B： Good morning. Please sit down.
B： May I have your name?
My name is ….
B： Where do you live?
I live in …, Tokyo.
A： Where were you born?
I was born in Osaka 37 years ago.
A： What is the current situation of smokers and non-smokers in Japan?
I am a non-smoker myself. From the non-smokers’ point of view, it is good for us to separate the smokers and non-smokers in public places. When I started to work for a company 10 years ago, all smokers could smoke anywhere in the company. But now, they can smoke only at a certain place in the company.
I don’t think the Japanese government will ban smoking by law. Smokers’ manners are important, I think. I would even sympathize with the smokers, because they cannot smoke as they want. Separating smokers and non-smokers in public places is enough.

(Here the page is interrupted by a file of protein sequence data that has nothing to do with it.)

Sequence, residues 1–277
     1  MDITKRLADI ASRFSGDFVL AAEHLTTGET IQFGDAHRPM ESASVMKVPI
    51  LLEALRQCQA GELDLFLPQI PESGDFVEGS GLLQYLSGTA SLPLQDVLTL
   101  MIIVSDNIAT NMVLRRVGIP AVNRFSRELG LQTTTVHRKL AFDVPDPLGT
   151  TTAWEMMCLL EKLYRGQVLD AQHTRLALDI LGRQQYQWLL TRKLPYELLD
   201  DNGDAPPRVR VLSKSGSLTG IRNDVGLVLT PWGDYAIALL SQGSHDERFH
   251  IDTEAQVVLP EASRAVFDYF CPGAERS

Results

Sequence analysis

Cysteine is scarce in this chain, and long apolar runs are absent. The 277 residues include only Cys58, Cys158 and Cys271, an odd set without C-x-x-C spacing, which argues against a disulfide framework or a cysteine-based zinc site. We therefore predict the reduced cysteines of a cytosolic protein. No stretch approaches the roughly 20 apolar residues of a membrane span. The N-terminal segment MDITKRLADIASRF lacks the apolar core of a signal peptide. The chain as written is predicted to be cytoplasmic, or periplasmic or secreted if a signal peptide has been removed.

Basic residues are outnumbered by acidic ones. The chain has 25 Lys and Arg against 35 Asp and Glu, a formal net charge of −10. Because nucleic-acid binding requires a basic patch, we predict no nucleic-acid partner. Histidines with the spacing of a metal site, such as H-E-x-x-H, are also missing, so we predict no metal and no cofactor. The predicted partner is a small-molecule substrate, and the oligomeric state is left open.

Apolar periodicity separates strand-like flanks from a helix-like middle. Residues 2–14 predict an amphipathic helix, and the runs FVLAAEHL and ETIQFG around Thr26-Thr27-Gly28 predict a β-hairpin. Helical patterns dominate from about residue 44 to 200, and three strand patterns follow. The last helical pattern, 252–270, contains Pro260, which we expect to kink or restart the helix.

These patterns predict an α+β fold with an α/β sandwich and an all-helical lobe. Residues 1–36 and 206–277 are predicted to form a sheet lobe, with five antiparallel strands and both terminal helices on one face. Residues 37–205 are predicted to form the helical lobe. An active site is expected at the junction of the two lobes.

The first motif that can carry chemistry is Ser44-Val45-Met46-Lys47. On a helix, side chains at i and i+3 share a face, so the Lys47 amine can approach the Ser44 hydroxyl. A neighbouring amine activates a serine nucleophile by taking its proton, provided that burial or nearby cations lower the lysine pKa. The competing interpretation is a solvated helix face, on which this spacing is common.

A： Have you ever smoked?
No, never. My father was a heavy smoker, or chain smoker. Actually, I hate smokers.
A： Next question is on current issues. What do you think of the bird flu?
Pardon? （ぼそぼそした感じでbird flu が聞き取れなかった）
A： The bird flu.
Well. I think …. （ここでとっさに言葉が見つからずしばらく詰まる）
A： By injection?
Yes. And I feel it’s a pity, but I think that all the infected birds
should be put down to protect ourselves.
A： The third question is about a Japanese tradition. What is “seijin-no-hi”?
“Seijin-no-hi”? It’s on the third Monday of January. （１月がとっさに思い出せず時間がかかっている）
A： Why is the day so important? （こんな感じの質問だったと思う）
Because friends from their school days can get together. The ceremony itself is not so important, but the get-together is important for the participants.
A： OK. Thank you.
B： Have a nice day.
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